Arguably the greatest step in Alex Rodriguez’s reinvention has been his post-playing career as a media personality. So it only makes sense that, as broadcasting continues to evolve, the 14-time All-Star has branched out from traditional television onto social media programming as well.
Rodriguez launched his YouTube channel in January with the aim of giving fans a peek behind the curtain into his daily life at longer-form lengths. He says he drew inspiration for the idea from a source very close to home.
“My daughters, who are hooked on YouTube, really inspired me to tap into the platform a bit more, and I must say that I absolutely love it,” Rodriguez says. “It really gives me the opportunity to put out content without being limited by the one-minute cutoff on Instagram. YouTube gives us the ability to upload longer, more detailed content.”
The channel’s first video is entitled, “Welcome to my Life,” with Rodriguez explaining his intentions to showcase “the good, the bad, and the ugly,” as well as looks at his lavish lifestyle.
“This gives me an opportunity to shine light on fatherhood, my daily routines, the crazy schedule, and it hits a personal note that people have not experienced,” he says. “The goal is to let people into my life while inspiring and spreading positive messages.”
As of March 17, the channel has six videos ranging from a vlog on the power of content to a behind-the-scenes video about Rodriguez and his new fiancé Jennifer Lopez going to the Oscars, the latter of which notched more than 300,000 views in under a week. Along with the vlog-like content, the channel also features tutorials, such as “5 Ways to Become a $300 Million Pitcher,” where Rodriguez offers advice on subjects on- and off-the-diamond.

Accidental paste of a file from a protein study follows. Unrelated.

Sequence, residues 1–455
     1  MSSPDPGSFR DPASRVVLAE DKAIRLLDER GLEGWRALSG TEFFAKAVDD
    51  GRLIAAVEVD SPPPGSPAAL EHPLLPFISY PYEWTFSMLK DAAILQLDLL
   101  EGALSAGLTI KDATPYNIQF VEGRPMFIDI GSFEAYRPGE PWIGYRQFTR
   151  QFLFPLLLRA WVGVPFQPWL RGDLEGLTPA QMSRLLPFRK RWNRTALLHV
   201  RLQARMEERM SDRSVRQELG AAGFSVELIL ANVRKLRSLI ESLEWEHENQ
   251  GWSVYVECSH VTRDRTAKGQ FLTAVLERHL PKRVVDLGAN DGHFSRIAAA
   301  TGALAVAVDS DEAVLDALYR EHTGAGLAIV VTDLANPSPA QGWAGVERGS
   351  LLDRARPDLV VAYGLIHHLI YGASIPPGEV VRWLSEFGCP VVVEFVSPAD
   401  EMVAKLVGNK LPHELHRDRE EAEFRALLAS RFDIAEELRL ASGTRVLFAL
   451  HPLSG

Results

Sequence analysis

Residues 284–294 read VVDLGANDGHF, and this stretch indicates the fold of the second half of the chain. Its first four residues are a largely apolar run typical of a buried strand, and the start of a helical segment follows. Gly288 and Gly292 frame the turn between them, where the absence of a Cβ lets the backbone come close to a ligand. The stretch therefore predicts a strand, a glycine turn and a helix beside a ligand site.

A four-person team helps produce, edit and promote the videos for Rodriguez, whose media ventures run the gamut from broadcasting roles with Fox Sports 1 and ESPN to a podcast, “The Corp,” with Barstool Sports.
“He’s very eager to do a lot of things,” says Berk Communications President Ron Berkowitz, who manages Rodriguez’s public relations and marketing.
“My inbound requests are ridiculous — and he wants to do everything, but there is limited time because of his current endeavors and his broadcasting roles.”
Rodriguez and team aim to release a video a week to kick the channel off, with most garnering at least 100,000 views. The expectation is for that output to climb even further as spring turns to summer and Rodriguez hits the road for baseball season.
“Hopefully we get to share more content and take people on the road with us once the baseball seasons begins,” he says.
His life is about to get more hectic. That’s when he expects must-see YouTube.